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Observational Proofs with Critical Contexts
 In Fundamental Approaches to Software Engineering
, 1998
"... Observability concepts contribute to a better understanding of software correctness. In order to prove observational properties, the concept of Context Induction has been developed by Hennicker [10]. We propose in this paper to embed Context Induction in the implicit induction framework of [8]. The ..."
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Cited by 24 (3 self)
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Observability concepts contribute to a better understanding of software correctness. In order to prove observational properties, the concept of Context Induction has been developed by Hennicker [10]. We propose in this paper to embed Context Induction in the implicit induction framework of [8]. The proof system we obtain applies to conditional specifications. It allows for many rewriting techniques and for the refutation of false observational conjectures. Under reasonable assumptions our method is refutationally complete, i.e. it can refute any conjecture which is not observationally valid. Moreover this proof system is operational: it has been implemented within the Spike prover and interesting computer experiments are reported.
Observational Specifications and the Indistinguishability Assumption
 Theoretical Computer Science
, 1995
"... To establish the correctness of some software w.r.t. its formal specification is widely recognized as a difficult task. A first simplification is obtained when the semantics of an algebraic specification is defined as the class of all algebras which correspond to the correct realizations of the spec ..."
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Cited by 17 (0 self)
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To establish the correctness of some software w.r.t. its formal specification is widely recognized as a difficult task. A first simplification is obtained when the semantics of an algebraic specification is defined as the class of all algebras which correspond to the correct realizations of the specification. A software is then declared correct if it corresponds to some algebra of this class. We approach this goal by defining an observational satisfaction relation which is less restrictive than the usual satisfaction relation. Based on this notion we provide an institution for observational specifications. The idea is that the validity of an equational axiom should depend on an observational equality, instead of the usual equality. We show that it is not reasonable to expect an observational equality to be a congruence. We define an observational algebra as an algebra equipped with an observational equality which is an equivalence relation but not necessarily a congruence. We assume th...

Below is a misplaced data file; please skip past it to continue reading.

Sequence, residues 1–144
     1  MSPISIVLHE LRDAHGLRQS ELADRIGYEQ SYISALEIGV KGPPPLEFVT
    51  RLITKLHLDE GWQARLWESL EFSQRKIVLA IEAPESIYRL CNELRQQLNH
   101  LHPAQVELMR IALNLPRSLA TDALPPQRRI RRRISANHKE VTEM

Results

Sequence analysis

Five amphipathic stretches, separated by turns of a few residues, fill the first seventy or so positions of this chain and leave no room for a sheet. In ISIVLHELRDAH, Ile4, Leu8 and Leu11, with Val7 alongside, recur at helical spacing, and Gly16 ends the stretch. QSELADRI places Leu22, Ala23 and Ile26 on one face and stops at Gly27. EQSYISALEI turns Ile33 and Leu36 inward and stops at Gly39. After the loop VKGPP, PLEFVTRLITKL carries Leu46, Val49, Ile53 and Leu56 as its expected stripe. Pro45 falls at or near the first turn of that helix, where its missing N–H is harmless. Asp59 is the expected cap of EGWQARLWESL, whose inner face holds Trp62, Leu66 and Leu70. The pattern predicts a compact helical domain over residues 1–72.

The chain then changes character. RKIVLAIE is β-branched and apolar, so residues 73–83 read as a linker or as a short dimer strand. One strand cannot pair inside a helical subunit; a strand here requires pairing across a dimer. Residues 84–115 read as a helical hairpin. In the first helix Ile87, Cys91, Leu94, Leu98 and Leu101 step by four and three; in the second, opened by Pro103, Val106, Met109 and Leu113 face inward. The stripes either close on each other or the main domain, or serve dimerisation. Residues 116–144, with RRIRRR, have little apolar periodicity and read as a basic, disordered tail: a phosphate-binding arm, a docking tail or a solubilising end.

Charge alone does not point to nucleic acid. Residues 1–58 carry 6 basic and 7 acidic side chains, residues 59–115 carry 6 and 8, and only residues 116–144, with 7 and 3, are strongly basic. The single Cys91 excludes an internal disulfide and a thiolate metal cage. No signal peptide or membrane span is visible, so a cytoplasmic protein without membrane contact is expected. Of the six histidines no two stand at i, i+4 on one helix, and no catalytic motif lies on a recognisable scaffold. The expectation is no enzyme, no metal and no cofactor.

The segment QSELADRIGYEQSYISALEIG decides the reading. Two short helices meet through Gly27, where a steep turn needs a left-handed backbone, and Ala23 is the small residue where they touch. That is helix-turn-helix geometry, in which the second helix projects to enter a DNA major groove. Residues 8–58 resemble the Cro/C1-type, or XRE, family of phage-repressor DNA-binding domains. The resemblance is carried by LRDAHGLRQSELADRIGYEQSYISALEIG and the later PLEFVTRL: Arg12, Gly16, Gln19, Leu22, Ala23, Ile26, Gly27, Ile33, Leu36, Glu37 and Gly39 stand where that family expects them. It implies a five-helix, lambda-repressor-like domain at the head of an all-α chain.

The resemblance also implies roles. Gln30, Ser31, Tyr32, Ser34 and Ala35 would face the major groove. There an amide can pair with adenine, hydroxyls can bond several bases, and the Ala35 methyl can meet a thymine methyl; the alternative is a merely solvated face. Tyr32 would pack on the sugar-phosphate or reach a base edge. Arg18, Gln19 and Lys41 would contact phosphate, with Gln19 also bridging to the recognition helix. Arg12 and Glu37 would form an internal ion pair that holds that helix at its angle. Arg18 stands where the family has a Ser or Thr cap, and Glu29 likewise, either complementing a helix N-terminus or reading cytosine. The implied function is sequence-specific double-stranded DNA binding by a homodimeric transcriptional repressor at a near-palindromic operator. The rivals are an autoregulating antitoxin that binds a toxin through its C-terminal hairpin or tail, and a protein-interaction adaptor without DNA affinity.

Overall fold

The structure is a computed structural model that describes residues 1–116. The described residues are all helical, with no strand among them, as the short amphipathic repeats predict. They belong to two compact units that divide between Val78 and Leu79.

Towards automated proofs of observational properties
 Discrete Mathematics in Theoretical Computer Science
, 2004
"... Observational theories are a generalization of firstorder theories where two objects are observationally equal if they cannot be distinguished by experiments with observable results. Such experiments, called contexts, are usually infinite. Therefore, we consider a special finite set of contexts, ca ..."
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Cited by 1 (1 self)
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Observational theories are a generalization of firstorder theories where two objects are observationally equal if they cannot be distinguished by experiments with observable results. Such experiments, called contexts, are usually infinite. Therefore, we consider a special finite set of contexts, called covercontexts, “covering” all the observable contexts. Then, we show that to prove that two objects are observationally equal, it is sufficient to prove that they are equal (in the classical sense) under these covercontexts. We give methods based on rewriting techniques, for constructing such covercontexts for interesting classes of observational specifications.
Algebraic System Specification and Development: Survey and Annotated Bibliography  Second Edition 
, 1997
"... Data Types . . . . . . . . . . . . . . . . . . . . . . . . . . . . . 50 4.5.4 Special Approaches . . . . . . . . . . . . . . . . . . . . . . . . . . . . . . . . . . . . 50 4.6 Semantics of Programming Languages . . . . . . . . . . . . . . . . . . . . . . . . . . . . . 52 4.6.1 Semantics of Ada . . . ..."
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Data Types . . . . . . . . . . . . . . . . . . . . . . . . . . . . . 50 4.5.4 Special Approaches . . . . . . . . . . . . . . . . . . . . . . . . . . . . . . . . . . . . 50 4.6 Semantics of Programming Languages . . . . . . . . . . . . . . . . . . . . . . . . . . . . . 52 4.6.1 Semantics of Ada . . . . . . . . . . . . . . . . . . . . . . . . . . . . . . . . . . . . . 52 4.6.2 Action Semantics . . . . . . . . . . . . . . . . . . . . . . . . . . . . . . . . . . . . . 52 4.7 Specification Languages . . . . . . . . . . . . . . . . . . . . . . . . . . . . . . . . . . . . . 53 4.7.1 Early Algebraic Specification Languages . . . . . . . . . . . . . . . . . . . . . . . . 53 4.7.2 Recent Algebraic Specification Languages . . . . . . . . . . . . . . . . . . . . . . . 55 4.7.3 The Common Framework Initiative. . . . . . . . . . . . . . . . . . . . . . . . . . . 56 5 Methodology 57 5.1 Development Phases . . . . . . . . . . . . . . . . . . . . . . . . . . . . . . . . . . . . . . . 57 5.1.1 Applica...